Additionally, surrogacy may be commercial or altruistic, depending upon whether the surrogate receives financial reward for her pregnancy. In case of altruistic surrogacy, a surrogate does not receive any monetary compensation and the majority of these agreements often involve close relatives of the intended parents.

Many countries frown upon commercial surrogacy, and only permit altruistic surrogacy arrangements. In jurisdictions like Belgium, Netherlands, and the United Kingdom, commercial surrogacy is prohibited. Conversely, in France, Italy and Germany, surrogacy, be it altruistic or commercial, is prohibited.


While surrogacy is not expressly prohibited in Zimbabwe, it also is not legally acknowledged, as there is currently no legal framework regulating surrogacy in the country. Unlike many other countries, Zimbabwe lags behind in surrogacy agreements entered into on a daily basis in the country.

Despite this, surrogacy has not been criminalized in Zimbabwe, since it is not defined in any written law as an offence and no punishment is prescribed for it. As such, if a person engages in surrogate motherhood or enters into a surrogate contract in Zimbabwe, such a person cannot be said to have committed a crime. The underlying problem, however, is in terms of legally defining the legal parentage of the child as well as the contractual rights and duties of parties to the surrogate agreement.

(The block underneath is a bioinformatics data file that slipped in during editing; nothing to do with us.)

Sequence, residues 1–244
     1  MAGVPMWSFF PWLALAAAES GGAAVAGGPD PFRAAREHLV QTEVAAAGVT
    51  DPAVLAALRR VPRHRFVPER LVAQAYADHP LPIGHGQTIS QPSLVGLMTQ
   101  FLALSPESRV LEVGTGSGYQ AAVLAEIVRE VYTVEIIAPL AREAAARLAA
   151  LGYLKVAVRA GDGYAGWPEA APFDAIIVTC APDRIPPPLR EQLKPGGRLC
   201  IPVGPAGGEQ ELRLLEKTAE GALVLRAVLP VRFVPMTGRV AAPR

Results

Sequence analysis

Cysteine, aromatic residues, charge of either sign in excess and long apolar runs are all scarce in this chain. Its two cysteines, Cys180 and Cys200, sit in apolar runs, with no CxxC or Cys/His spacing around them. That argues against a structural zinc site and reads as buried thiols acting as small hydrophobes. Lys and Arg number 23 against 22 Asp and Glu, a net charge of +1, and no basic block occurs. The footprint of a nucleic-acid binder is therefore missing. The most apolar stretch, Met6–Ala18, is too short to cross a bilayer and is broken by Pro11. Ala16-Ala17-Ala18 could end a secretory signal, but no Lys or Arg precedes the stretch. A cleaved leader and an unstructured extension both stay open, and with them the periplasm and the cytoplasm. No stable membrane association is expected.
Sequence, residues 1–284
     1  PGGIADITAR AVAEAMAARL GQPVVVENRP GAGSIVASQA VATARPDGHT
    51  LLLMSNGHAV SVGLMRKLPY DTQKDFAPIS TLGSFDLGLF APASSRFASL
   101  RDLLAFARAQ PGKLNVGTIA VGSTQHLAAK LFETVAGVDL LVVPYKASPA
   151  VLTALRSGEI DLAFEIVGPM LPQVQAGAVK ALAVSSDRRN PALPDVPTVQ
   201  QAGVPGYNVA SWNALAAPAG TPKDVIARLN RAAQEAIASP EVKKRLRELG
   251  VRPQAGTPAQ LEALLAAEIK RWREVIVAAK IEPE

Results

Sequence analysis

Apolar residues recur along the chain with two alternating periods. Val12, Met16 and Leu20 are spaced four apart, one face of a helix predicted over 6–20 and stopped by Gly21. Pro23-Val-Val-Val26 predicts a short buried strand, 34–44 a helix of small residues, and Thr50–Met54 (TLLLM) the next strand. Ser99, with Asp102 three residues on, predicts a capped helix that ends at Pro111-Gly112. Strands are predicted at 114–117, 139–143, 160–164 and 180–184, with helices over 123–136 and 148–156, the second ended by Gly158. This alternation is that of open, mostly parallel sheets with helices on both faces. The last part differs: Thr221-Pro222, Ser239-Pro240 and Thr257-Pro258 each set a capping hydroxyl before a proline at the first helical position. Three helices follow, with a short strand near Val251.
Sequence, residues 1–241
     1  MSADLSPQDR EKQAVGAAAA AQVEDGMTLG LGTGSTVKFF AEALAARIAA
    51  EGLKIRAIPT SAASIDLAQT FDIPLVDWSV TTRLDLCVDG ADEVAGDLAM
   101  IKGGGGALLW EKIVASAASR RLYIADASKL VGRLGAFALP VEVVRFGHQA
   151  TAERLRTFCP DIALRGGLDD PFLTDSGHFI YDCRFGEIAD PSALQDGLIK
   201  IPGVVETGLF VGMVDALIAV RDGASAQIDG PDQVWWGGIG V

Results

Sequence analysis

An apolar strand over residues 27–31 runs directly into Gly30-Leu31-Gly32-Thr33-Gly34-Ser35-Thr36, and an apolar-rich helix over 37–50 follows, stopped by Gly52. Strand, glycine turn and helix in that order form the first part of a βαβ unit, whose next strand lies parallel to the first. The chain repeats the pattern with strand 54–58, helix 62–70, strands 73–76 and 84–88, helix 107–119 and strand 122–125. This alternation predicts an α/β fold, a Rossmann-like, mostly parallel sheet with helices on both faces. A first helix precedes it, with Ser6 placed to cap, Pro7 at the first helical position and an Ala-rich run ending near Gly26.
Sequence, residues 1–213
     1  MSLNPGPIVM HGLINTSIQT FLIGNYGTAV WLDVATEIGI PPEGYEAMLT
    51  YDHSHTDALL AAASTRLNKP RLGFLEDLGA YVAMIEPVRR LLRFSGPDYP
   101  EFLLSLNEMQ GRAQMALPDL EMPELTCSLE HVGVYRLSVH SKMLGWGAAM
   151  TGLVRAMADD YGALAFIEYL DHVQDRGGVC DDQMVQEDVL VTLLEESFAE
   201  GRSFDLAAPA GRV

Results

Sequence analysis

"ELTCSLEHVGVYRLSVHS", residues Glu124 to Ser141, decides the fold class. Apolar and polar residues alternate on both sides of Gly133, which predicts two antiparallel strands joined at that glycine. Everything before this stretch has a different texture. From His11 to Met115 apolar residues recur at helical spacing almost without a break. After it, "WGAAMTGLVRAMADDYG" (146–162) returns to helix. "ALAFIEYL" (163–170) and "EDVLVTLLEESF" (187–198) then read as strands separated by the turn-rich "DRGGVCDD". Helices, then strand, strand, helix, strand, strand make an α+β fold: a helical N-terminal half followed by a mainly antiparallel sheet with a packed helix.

In jurisdictions such as the USA and the UK, surrogacy has raised issues mostly pertaining to

      i.         maternity status;

     ii.         potential undue financial or other pressures for the surrogate, and

    iii.         women’s constitutional rights over their reproductive choices and bodily autonomy, especially with respect to decisions regarding pregnancy management, termination, and selective reduction.

One such case is the In Re Baby M (1988) M, 537 A.2d 1227 (N.J. 1988) when the surrogate mother decided she would like to keep the baby.

The watershed Baby M case, which took place in 1987 in New Jersey, USA, was the first major legal skirmish concerning surrogate parent arrangements. Mary Beth Whitehead had contracted with William and Elizabeth Stern to act as a surrogate mother for them.

She was impregnated with an embryo (made by her egg was fertilized with Stern’s sperm), and after carrying the child to term, she had a change of heart about handing the baby over to the couple. When Whitehead changed her mind, she offered to return the $10,000 payment, and attempted to keep the baby after the child’s birth. Whitehead then proceeded to sue for custody of the child raising the then-novel legal questions of enforceability of contract, maternity rights, and a custody determination.

The New Jersey Supreme Court ruled that the surrogacy contract was illegal  and a violation of public policy. The Court rejected the proposition that a surrogate could contractually agree in advance or be forced by contract to terminate her parental rights. Instead it applied a “best interest” standard to decide who should have legal and physical custody of the child. Class differences were noted throughout the litigation, with a Guardian ad litem appointed to evaluate the parenting capabilities of each of the parties.